My work is incredibly gratifying. When a client is able to recover and pursue a master’s degree for example, it is thrilling for me. We work with a philosophy of “person-centered” care, helping clients with life skills, ongoing assessment and monitoring, managing their medications and helping to keep them on track in their recovery. Many suffer from mental illness as well, and some have just left the prison system. There is collaboration with parole officers, psychiatrists and others-a team effort to help clients recover and live their most productive lives. The love of people is essential to do this work passionately. Beyond a shadow of a doubt, this is my calling, my destiny, and I take every opportunity for further training to attain another level of knowledge and effectiveness. I know that many in my age group (early 60’s) are retiring, but I am so fulfilled and energized by this work, I am nowhere near wanting to retire. What I do is rewarding beyond any financial measures.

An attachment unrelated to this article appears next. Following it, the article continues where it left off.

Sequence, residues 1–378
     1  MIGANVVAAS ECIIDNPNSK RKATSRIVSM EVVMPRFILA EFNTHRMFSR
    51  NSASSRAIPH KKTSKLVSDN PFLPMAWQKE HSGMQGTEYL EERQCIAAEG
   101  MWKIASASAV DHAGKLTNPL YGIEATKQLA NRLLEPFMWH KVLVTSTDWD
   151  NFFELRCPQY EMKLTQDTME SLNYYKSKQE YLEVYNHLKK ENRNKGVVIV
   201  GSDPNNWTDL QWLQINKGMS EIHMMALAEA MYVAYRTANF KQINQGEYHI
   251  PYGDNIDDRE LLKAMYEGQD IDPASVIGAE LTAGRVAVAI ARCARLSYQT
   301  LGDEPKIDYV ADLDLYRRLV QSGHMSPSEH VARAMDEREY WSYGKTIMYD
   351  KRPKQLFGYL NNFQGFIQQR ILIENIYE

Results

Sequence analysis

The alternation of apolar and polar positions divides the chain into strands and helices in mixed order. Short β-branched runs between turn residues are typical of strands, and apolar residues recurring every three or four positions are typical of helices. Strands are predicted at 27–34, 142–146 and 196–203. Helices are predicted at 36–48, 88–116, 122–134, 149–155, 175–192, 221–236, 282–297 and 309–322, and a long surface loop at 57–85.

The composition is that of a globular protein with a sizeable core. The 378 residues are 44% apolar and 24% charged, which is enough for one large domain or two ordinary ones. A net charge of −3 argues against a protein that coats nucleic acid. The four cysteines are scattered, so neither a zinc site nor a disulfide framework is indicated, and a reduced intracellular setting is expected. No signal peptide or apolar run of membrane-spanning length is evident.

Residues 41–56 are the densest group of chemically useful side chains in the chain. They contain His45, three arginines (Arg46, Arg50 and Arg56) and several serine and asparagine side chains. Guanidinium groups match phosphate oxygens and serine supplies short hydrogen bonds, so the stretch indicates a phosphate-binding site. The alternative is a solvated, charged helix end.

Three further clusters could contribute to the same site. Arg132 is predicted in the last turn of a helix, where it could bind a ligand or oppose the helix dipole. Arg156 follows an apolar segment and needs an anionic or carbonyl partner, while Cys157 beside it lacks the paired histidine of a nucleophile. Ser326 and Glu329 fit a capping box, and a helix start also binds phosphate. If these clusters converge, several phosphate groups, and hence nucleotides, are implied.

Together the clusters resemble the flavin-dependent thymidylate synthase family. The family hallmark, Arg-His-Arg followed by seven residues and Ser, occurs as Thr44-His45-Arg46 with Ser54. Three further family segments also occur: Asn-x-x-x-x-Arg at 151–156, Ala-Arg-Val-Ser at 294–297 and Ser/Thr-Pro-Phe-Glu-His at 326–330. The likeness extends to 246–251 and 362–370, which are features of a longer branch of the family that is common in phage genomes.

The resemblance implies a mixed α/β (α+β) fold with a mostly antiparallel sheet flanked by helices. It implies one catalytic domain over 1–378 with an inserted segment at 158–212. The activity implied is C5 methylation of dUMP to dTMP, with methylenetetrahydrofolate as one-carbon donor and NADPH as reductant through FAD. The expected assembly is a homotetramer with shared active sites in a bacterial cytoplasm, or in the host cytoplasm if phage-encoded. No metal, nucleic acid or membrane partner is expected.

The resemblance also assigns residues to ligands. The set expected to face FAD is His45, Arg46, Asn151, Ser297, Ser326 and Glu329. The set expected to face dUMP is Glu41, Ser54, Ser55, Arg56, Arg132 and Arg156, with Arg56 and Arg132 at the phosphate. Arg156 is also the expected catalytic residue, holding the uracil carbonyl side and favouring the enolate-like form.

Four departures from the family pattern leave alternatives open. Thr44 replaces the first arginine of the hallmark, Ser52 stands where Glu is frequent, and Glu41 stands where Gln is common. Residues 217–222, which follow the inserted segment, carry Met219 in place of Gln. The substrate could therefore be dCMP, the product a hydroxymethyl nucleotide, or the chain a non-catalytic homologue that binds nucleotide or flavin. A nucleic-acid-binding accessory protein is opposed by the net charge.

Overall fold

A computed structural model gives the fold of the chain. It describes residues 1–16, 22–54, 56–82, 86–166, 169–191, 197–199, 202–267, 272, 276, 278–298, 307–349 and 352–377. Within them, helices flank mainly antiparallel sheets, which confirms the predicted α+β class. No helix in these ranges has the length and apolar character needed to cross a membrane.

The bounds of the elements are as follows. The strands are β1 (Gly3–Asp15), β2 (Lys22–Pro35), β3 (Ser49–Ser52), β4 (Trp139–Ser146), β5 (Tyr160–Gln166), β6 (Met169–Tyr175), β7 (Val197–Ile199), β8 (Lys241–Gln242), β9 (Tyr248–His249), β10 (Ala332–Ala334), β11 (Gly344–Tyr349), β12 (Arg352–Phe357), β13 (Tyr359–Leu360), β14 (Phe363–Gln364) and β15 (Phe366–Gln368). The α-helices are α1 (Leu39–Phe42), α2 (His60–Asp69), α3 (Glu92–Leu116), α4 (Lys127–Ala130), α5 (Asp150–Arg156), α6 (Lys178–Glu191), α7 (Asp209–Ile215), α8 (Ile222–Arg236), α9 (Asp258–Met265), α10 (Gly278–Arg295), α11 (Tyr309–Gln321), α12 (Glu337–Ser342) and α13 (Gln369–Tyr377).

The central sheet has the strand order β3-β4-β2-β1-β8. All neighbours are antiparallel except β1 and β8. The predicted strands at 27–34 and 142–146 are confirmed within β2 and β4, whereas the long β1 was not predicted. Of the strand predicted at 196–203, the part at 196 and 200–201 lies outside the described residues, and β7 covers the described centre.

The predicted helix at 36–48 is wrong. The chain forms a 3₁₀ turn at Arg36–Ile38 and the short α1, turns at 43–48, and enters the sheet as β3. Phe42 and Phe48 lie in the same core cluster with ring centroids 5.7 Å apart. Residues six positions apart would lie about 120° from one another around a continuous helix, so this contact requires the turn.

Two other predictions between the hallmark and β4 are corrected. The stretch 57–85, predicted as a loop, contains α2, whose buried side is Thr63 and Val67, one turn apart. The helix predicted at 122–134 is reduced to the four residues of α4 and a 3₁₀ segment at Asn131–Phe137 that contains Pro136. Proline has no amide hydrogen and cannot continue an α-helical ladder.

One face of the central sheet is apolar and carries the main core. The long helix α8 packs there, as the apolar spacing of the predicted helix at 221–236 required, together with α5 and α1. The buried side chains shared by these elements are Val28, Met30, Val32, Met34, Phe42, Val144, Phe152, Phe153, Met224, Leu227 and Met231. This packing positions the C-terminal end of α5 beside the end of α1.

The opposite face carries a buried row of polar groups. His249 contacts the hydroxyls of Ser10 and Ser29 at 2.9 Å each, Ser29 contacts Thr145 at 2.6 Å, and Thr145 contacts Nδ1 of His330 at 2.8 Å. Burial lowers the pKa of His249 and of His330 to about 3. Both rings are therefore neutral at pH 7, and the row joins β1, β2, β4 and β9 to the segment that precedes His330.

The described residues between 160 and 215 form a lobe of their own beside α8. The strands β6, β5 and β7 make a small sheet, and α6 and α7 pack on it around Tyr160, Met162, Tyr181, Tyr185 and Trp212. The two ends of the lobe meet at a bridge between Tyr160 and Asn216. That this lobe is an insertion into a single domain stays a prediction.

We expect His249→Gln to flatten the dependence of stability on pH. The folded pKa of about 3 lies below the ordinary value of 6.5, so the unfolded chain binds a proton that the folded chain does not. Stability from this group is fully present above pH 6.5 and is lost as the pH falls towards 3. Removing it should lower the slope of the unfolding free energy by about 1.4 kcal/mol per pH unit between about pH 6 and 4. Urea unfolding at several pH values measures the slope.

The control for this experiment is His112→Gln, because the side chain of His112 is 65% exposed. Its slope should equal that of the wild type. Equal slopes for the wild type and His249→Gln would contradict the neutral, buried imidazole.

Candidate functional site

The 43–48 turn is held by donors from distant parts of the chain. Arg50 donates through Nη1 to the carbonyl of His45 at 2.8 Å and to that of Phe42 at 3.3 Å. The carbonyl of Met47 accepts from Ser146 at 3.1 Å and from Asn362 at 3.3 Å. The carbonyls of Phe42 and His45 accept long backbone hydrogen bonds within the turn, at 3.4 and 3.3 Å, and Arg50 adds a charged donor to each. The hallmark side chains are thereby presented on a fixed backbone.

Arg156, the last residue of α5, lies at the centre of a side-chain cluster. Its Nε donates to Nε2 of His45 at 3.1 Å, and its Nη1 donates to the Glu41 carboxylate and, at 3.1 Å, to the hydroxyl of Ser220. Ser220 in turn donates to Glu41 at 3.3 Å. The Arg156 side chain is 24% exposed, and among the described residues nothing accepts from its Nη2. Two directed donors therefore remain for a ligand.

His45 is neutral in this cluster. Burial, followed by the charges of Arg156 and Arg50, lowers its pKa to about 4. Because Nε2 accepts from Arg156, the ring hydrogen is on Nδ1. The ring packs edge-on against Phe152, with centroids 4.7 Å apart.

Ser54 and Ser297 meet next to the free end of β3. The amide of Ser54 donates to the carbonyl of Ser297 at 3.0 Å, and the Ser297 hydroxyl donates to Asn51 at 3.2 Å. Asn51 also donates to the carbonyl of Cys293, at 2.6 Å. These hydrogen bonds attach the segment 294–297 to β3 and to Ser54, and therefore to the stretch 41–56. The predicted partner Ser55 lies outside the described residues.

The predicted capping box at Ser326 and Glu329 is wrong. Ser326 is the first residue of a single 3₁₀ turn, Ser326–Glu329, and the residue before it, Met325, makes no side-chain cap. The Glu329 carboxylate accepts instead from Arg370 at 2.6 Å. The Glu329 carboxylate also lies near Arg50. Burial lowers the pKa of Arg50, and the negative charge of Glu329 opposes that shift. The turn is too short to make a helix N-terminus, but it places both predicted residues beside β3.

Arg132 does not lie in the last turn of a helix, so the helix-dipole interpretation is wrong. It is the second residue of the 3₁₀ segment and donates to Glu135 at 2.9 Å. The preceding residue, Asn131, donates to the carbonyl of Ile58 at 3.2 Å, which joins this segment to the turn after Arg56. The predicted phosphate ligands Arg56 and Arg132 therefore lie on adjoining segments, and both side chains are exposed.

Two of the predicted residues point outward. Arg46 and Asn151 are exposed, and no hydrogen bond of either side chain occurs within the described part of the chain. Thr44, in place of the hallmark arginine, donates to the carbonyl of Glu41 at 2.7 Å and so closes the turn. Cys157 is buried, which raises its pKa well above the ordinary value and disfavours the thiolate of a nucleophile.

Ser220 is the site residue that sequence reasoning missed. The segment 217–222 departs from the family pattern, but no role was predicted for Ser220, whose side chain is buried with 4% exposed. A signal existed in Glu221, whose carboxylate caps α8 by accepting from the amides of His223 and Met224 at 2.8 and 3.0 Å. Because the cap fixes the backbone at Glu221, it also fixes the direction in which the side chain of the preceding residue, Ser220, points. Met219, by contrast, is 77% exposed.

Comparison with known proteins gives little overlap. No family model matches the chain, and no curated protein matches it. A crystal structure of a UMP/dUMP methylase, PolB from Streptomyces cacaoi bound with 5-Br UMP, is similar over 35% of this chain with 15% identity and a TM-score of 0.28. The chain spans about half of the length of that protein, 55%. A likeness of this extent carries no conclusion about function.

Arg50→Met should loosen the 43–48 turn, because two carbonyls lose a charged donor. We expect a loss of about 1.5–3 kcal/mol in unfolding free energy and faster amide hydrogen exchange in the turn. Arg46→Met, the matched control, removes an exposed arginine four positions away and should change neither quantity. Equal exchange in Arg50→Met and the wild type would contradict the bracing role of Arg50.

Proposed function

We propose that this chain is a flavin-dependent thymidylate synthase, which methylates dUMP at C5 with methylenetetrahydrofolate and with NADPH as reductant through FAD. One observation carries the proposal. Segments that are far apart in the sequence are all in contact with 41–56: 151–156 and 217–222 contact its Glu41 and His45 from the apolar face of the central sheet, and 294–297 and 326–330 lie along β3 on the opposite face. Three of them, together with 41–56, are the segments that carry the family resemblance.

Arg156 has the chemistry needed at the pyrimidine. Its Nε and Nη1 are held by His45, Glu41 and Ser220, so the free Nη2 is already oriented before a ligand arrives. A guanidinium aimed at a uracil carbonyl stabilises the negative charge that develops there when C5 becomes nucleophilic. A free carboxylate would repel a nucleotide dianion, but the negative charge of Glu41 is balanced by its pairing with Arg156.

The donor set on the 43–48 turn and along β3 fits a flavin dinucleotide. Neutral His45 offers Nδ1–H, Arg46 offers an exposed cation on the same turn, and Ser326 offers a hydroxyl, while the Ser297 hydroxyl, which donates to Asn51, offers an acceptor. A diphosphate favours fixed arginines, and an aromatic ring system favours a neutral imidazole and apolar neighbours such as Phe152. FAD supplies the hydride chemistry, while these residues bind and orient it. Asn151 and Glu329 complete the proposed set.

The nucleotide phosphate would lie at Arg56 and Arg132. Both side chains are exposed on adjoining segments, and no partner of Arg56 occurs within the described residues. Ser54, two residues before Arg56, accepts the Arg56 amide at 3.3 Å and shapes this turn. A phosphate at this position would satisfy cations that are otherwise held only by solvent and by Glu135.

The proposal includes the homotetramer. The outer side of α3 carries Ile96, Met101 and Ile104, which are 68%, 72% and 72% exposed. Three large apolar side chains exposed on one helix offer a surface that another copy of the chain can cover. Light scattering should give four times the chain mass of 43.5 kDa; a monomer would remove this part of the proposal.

My advice to others is even if you’re scared, it’s never too late to overcome setbacks in our lives. The setbacks we encounter set us up for the comeback, but we must have that mindset for the comeback. Pursue your goals and dreams: don’t stop envisioning what you want and continue to be tenacious. If you are persistent, if you work hard, you don’t have to let your past define your future. I was a child, without a father; a teenager, raising a family. Yet, I have watched my children grow to be self-sufficient and raising my 10 grandchildren. Now is the time I can focus on me and my career! I advise women to surround themselves with mentors, people who can really influence their lives, and they can conquer anything.